Archive for August, 2013
I am pretty horrible at making decisions.
I can’t make one quickly even if my life depended on it. My friend, who also shares the indecisiveness trait, and I take forever to decide on where to go. We always have to plan in advance or we will never go anywhere. When I’m in a restaurant (usually one I haven’t been to before), I’d spend ten minutes freaking out about all the choices the menu presents me and what-feels-like-an-hour-but-it’s-actually-been-another-fifteen-or-twenty-minutes to finalize my decision.
(This is an accurate depiction of what it looks like in my head.)
Bookstores are the worst for me. Don’t misunderstand me, I love bookstores. It’s the best place in the world, but there are SOOO many choices. How am I suppose to choose which book I want to get? I swear the gods, buddha, the devil, or all of them (???) are conspiring against me when it comes to books. I want to buy everything, but I can’t because I’m poor. :( (If only I had all the money in the world.)
Here is what always happen when I go to a bookstore:
- I go to the (used) bookstore because I’m feeling bored or I just want to see what’s on the shelf. (But let’s be honest, I go there because it’s the closet place to heaven.)
- I browse the literature and the YA section, carefully searching for books by my favorite authors or by authors I had always meant to read.
- I find a book (or four) that I really want. I look at how much it is. Cheap or expensive, I make a pros and cons list in my head – reasons why I want the book (“I need to read a book by this author,” “oooh, it has a pretty cover,” “it’s a(n) book/author I need to have in my own collection of books,” “I want it, plain and simple”) and reasons why I shouldn’t get it (“you don’t need it” and “YOU DON’T HAVE A LOT OF MONEY TO THROW AROUND”). Tough decisions.
- I continue to walk around the store, still holding onto the books I want, as I run through all the reasons again and again in my head. I don’t want to get buyer’s remorse. (I hate feeling that.)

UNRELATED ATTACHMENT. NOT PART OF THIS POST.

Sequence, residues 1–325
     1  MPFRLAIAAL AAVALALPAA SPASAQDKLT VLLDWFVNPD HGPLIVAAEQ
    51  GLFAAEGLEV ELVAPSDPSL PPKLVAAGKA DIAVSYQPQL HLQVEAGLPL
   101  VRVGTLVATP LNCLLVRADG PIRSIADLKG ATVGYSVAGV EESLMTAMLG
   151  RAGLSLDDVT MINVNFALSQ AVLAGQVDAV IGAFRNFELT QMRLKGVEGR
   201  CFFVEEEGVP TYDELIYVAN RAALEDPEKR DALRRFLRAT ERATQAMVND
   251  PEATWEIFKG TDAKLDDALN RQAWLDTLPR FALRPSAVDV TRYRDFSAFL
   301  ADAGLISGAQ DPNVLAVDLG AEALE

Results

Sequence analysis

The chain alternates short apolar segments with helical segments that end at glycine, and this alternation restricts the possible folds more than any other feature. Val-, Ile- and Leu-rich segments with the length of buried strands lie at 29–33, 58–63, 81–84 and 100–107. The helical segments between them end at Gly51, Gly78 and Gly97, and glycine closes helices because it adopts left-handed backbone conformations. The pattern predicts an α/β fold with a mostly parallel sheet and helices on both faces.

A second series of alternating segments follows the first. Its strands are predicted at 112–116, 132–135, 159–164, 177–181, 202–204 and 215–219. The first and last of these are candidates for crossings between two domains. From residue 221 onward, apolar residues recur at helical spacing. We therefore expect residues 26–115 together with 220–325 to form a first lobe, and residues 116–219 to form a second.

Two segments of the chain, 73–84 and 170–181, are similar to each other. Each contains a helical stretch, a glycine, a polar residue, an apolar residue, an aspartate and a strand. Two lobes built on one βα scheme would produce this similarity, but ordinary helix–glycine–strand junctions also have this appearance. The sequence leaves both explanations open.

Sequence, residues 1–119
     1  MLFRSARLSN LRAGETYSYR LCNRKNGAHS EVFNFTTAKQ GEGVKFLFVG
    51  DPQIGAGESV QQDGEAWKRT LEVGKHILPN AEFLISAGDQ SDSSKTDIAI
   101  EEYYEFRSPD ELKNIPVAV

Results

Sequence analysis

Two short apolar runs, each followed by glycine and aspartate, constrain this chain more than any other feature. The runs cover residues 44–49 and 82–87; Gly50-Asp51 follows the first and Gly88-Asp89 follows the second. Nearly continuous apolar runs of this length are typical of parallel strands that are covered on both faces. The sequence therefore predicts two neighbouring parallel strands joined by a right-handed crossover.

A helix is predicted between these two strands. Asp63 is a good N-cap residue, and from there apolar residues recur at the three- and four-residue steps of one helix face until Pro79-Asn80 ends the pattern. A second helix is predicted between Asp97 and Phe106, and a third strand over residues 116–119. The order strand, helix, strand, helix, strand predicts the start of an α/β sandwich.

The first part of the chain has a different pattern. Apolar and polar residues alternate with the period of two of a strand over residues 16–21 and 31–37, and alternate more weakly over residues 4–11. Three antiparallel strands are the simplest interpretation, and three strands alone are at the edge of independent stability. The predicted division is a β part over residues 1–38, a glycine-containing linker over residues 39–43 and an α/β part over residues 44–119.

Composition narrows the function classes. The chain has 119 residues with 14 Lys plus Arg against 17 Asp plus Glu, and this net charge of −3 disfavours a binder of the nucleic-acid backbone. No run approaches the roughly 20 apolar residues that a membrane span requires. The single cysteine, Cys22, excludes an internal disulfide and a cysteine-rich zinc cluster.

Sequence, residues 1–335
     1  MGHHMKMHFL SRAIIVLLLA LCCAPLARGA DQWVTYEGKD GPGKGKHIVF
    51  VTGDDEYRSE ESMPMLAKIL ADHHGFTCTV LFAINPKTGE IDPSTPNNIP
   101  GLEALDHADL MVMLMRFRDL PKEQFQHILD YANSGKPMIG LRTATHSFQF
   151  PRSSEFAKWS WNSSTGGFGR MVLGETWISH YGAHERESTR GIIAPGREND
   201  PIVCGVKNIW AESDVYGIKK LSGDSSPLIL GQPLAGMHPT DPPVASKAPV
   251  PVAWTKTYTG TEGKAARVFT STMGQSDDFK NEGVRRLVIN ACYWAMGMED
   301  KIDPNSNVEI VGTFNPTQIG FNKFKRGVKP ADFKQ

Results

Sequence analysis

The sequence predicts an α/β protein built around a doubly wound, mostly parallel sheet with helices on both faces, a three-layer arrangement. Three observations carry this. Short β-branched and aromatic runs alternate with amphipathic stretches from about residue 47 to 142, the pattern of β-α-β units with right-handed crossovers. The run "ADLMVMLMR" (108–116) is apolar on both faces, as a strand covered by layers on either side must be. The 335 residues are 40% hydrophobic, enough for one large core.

- I set the books down and take out my phone. I type out, “HELP. [Insert description of the book.] IDK. SHOULD I GET THIS BOOK? AHHHH. TELL ME WHAT TO DOOO” and send it to a couple of my friends, hoping they will tell me what I should do (and I mean tell me not to get it). But my friends are usually assholes and take forever to text me back, and that makes me soooo antsy. WHY U NO TEXT ME BACK IN THIS BOOK CRISIS I AM IN? And when they do text me back, it’s always “GET IT,” enabling me, which is THE WORST. I DON’T NEED BOOK ENABLERS. I NEED BOOK DENIERS.
- I then ponder why I make friends with bookish people. They are no help in my time of need.
- After nearly three or more hours of pondering and wandering around the bookstore, I finally make a decision.
That’s right, it takes me over three hours to make a decision on whether to buy a book or not. So if we hang out and we end up in a bookstore, I hope you’re cool with spending half your day in there. It’s what I do.
The only thing I can come up with that can help me with my indecisiveness (or just avoid it) is to not go to bookstores. Simple as that, right? NO. It’s not possible. I love bookstores. I, nor you, can force myself from never going. It’s home to my heart.
How do you make decisions when it comes to buying books in a bookstore? Are you an indecisive person like me who takes hours to actually decide? Or are you the type of person that can buy things very quickly? How do you deal with your indecisiveness?
Waiting On is a weekly event, hosted by Jill at Breaking the Spine, that spotlights upcoming releases that we’re eagerly anticipating.
Cath is a Simon Snow fan.
Okay, the whole world is a Simon Snow fan . . .
But for Cath, being a fan is her life — and she’s really good at it. She and her twin sister, Wren, ensconced themselves in the Simon Snow series when they were just kids; it’s what got them through their mother leaving.
Reading. Rereading. Hanging out in Simon Snow forums, writing Simon Snow fan fiction, dressing up like the characters for every movie premiere.
Cath’s sister has mostly grown away from fandom, but Cath can’t let go. She doesn’t want to.
Now that they’re going to college, Wren has told Cath she doesn’t want to be roommates. Cath is on her own, completely outside of her comfort zone. She’s got a surly roommate with a charming, always-around boyfriend, a fiction-writing professor who thinks fan fiction is the end of the civilized world, a handsome classmate who only wants to talk about words . . . And she can’t stop worrying about her dad, who’s loving and fragile and has never really been alone.
For Cath, the question is: Can she do this?
Can she make it without Wren holding her hand? Is she ready to start living her own life? Writing her own stories?
And does she even want to move on if it means leaving Simon Snow behind?
Why I’m waiting?